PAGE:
A growing practice, now gaining popularity, is that of obtaining and using certain prescription drugs to create a constant happy mood, or enhance a skill set – like memory, attention or physical performance. People who have not been diagnosed with deficits are making use of the effects of drugs in a “designer” fashion to enhance certain aspects of their behavior. It’s called “cosmetic pharmacology” and I’d like to tell you about this concerning trend.
Cosmetic Pharmacology – Are You At Risk?
The term “cosmetic pharmacology” was put into use by psychiatrist Peter D. Kramer back in the 1990’s. Like having cosmetic surgery to enhance the look or function of your face, cosmetic pharmacology offers to change your normal state of mind, or skills set, to a new normal, even when your regular state is not deemed a medical problem.
For example, it’s not normal to be in a state of highly optimistic euphoria all the time. Most of us function on a somewhat lower amplitude than that on a daily basis. We experience spikes of happiness/euphoria when events happen in our life, such as winning the lottery, getting a big raise, achieving a long-cherished goal, falling in love, getting married, having your first child, etc.
Yet, promoters of cosmetic pharmacology aim to put you in that euphoric state all the time. All you need to do is take a specific mood-elevating drug, like Prozac et al, to accomplish that goal even though a doctor has not diagnosed you with clinical depression.
Other examples include business people and students seeking to “cosmetically” use drugs created for people with clinical memory deficits (Alzheimer’s disease) or attention deficit/learning disorders (for ADD/ADHD, etc) to enhance their memory or attention. They feel it allows them to be more successful in their job or helps them cram and succeed on tests.
Those who support the use of cosmetic pharmacology see the use of prescription drugs in this personal enhancement capacity as the right of any individual who wants to use them. They see these drugs as the future of personalized medicine – being able to pick and choose which behaviors, moods, skill sets you want to enhance and which you want to deter. All by popping a pill.
Opponents of cosmetic pharmacology say that the practice is not only unethical but is an outgrowth of trend-following, naïve consumerism – one that says you merely have to pop a drug to get the effect you want. Yet, the real risks of cosmetic pharmacology are often disguised.
For example, when the drug Prozac first came on the scene, doctors (and their patients) thought it was the best thing since sliced bread. As an antidepressant, Prozac actually over-performed and did more than just elevate depression – it produced high states of euphoria. As a result other antidepressants and anti-anxiety drugs were prescribed to anyone complaining of being a little down or stressed out.
After a while though, people who took Prozac also started to report incredible mood crashes. Severe depression, suicidal and even homicidal behavior were blamed on the drug’s side effects. The Prozac syndrome was born – a “honeymoon” period of elated mood followed by severe, debilitating and often dangerous mood crashes. Doctors became concerned that people not diagnosed with clinical depression, and not under a doctor’s care, were obtaining and using antidepressants just to feel “happier” or less stressed.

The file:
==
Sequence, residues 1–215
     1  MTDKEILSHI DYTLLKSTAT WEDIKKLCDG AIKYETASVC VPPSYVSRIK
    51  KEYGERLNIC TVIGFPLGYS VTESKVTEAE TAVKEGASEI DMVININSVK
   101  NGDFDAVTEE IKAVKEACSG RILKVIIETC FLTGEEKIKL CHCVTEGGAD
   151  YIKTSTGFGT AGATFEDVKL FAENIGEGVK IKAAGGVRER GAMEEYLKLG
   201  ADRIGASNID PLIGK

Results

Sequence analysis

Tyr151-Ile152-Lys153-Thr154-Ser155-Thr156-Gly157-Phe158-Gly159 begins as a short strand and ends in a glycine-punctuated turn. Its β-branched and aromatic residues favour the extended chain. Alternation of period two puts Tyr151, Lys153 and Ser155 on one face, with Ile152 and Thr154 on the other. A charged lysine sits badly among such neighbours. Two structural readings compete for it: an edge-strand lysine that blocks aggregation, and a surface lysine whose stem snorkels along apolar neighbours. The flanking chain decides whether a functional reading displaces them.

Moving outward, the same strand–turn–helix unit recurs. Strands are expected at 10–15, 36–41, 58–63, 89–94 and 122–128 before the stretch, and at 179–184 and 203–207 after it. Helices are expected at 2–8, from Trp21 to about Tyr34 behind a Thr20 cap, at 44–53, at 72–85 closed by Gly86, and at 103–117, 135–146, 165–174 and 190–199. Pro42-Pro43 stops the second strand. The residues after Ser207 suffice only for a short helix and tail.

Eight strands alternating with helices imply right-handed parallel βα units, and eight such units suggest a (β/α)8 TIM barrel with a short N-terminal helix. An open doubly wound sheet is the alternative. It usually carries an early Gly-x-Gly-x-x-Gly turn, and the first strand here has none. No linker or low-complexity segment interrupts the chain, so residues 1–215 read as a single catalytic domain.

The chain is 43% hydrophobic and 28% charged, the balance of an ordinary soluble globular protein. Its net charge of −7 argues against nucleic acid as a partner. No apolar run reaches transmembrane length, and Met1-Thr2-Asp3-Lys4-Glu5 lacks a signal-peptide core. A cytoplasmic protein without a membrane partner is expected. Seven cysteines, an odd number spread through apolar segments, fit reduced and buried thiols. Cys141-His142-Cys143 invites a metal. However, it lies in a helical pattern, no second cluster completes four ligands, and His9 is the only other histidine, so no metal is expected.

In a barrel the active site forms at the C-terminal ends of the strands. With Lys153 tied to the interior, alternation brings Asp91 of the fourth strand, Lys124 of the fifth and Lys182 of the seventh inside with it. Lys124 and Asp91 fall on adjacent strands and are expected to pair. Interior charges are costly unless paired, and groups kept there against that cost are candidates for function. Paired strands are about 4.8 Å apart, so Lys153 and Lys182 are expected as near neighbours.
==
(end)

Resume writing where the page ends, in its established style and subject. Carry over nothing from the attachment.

Another example are college students, not diagnosed with ADD/ADHD, taking Ritalin to cram for exams because of the drug’s ability to enhance attention span and its stimulation effect. Chronic use of these stimulant-like drugs can cause serious side effects like heart and kidney damage, insomnia, high blood pressure, burnt out adrenal glands, and even psychotic episodes.
Just about any prescription psychoactive drug, like mood elevators, memory and/or attention enhancers, are available for recreational, personally designated use. But, who’s monitoring the risk of side effects in people who take prescription drugs in this fashion?
What You Can Do Besides Cosmetic Pharmacology
If you’re experiencing chronic low mood and/or memory/attention problems, you may have an undiagnosed nutritional deficiency that can safely be addressed first rather than resorting the use prescription drugs on your own. Common deficiencies that can cause behavioral changes, low moods and lack of concentration are the B vitamins (specifically B12 and B6) found in meats, fish and dairy products; magnesium found in dairy, fruits and vegetables; Vitamin D found in dairy, some fish and sunlight; Omega-3’s DHA/EPA found in oil fish like salmon, mackerel and tuna.
In addition, deficiencies in antioxidants like A, C, E (yellow/orange vegetables, citrus fruits and green vegetables, nuts), affect the brain’s function. Deficiencies put you at risk for poor memory, impaired learning, irritability, and chronic low moods. Besides food sources, these antioxidants can also be found in supplement form.
Mild mood ups and downs, memory glitches, attention deficits, impaired learning or physical performance, can be a normal result of a stressed out lifestyle. Optimizing your diet, sleep habits, and reducing your stress levels, could significantly improve these symptoms. If these symptoms don’t improve using these natural methods first, please see your doctor to further diagnose any underlying cause that may warrant the use of a prescription drug.
Mark Rosenberg, M.D.
Natural Health News
Cosmetic pharmacology, http://en.wikipedia.org/wiki/Cosmetic_pharmacology
Vitamins for the Brain and Memory, http://www.livestrong.com/article/273346-vitamins-for-the-brain-memory/
Mental Health Meds as Social Drugs? http://www.webmd.com/mental-health/features/mental-health-meds-as-social-drugs?page=2